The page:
A New Year, a New You?

By Michael Krueger

Remember your goals of last year? Perhaps you had set your sights on building a healthy, lean, and fit body. You vowed to leave all your negative and destructive habits in the past and create the new you and the new life of which you’d always dreamed.

If you accomplished your goals and are on your way to levels of fitness that you wouldn’t have even dared dream of last year, you deserve a hearty congratulations. If you worked hard on your goals but came up a little short, you still earned praise.

But if you abandoned your dreams and didn’t work toward your goals, then odds are there isn’t going to be a new you this year either…unless you adjust your attitude, your goals, and your direction.

 

Harsh Realities

It’s been said that doing the same thing over and over and expecting a different result is insanity, but it’s also been said to try, try again. Unfortunately, many people do both at the same time, and it usually begins the first week of the New Year. Because of this, they end up in the same place as last year: in front of the TV with a bag of chips, a drink, and a side of self-loathing.

It’s sad, but the more times you fail at fitness, the less likely you are to ever succeed. I know people who sign up for a new exercise class every winter and attend the first one and maybe the second one. It doesn’t take long before events overtake them and they miss the third, then the fourth, and then it is too embarrassing to go back for the remainder. Every year they say the same thing, “I can’t believe it happened again.” The insanity part is that they sign up again the next winter with no better plan to succeed than they had last year.

The next harsh reality is that you can never allow anyone to crush your dreams–and that includes you. If you really care about that little seed of a dream, you will need to nurture it again this year even if it dried up and died last year and the year before that and the year before that.

The final harsh reality is that to not slide into insanity is going to take some hard work.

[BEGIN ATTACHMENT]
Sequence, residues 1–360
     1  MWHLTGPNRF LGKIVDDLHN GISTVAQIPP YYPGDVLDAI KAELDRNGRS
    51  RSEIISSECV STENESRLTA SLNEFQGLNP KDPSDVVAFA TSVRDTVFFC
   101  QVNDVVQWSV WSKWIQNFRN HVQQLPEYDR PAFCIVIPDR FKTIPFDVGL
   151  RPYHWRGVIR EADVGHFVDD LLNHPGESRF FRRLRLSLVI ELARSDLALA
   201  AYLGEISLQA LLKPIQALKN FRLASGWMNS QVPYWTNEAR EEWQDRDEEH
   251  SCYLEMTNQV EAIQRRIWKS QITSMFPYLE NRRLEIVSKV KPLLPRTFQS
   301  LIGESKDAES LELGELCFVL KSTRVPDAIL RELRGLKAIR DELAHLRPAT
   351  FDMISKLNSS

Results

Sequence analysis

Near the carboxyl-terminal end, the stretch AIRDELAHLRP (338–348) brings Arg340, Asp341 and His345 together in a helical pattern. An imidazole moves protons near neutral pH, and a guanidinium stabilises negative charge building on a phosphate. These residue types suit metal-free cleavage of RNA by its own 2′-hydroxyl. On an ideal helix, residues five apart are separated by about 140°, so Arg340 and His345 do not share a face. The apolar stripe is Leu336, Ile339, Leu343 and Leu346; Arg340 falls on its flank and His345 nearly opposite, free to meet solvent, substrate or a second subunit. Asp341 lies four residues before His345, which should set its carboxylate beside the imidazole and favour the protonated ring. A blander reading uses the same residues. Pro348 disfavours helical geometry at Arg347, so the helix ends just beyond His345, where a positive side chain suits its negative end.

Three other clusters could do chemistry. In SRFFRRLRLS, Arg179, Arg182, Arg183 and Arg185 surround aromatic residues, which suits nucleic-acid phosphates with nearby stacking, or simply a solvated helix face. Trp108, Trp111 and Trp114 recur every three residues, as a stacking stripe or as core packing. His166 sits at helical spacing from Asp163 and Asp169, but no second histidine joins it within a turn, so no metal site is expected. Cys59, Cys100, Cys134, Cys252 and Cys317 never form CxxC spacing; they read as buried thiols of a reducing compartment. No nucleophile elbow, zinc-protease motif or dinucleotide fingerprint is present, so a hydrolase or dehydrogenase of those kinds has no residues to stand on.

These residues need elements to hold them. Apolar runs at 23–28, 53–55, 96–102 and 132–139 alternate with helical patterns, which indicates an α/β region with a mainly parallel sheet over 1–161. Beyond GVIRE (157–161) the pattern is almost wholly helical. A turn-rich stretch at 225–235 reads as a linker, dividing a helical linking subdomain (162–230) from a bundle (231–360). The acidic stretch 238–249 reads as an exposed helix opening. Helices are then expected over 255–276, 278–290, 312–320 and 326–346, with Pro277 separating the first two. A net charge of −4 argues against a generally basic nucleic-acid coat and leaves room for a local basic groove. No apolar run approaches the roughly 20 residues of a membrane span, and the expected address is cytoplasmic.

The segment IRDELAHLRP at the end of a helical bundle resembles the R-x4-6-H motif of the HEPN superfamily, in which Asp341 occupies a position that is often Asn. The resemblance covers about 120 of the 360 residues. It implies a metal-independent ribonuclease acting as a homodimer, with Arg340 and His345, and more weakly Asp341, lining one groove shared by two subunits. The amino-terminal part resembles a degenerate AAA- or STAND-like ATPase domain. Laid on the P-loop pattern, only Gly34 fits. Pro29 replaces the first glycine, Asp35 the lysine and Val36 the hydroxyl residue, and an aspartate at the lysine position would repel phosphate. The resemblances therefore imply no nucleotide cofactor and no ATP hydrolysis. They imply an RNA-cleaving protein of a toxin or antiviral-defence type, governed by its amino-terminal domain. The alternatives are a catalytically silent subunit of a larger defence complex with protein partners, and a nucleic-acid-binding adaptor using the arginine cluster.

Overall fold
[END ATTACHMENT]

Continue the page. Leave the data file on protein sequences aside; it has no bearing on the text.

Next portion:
A New Plan

Now would be a good time to review your old logbooks and journals in an effort to learn what worked and what didn’t. I know that this is unlikely to happen because if you had kept logs and journals, you probably wouldn’t be needing to try and figure out what works and what doesn’t–you’d already know.

I’ll give some suggestions as to how to formulate a new plan for success and you may feel free to use whichever may ring true for you. This path is not a one size fits all type of thing, so I’m not going to tell you that if you do “A” then “B” will happen; it’s not that simple. You are an individual with responsibilities, needs, and experiences unique to you. The self-talk you have been listening to for many years has created the soundtrack of your life, and that is just how it is. Erasing and rerecording a new and positive soundtrack is your biggest priority.

Every previous failure has left its mark on your psyche. Every misstep has begot a self-defeating thought that turned into fear of more failure. After reinforcing this thought process year after year, you have programmed yourself to fail, rationalize, internalize, and sink deeper into the abyss.

This time you will pick a new goal, one that you are certain you will achieve. The thing is to start small, really small. I know we all want to have big plans followed by big successes, and trust me, those will come. For now, you need to notch a few successes of any size.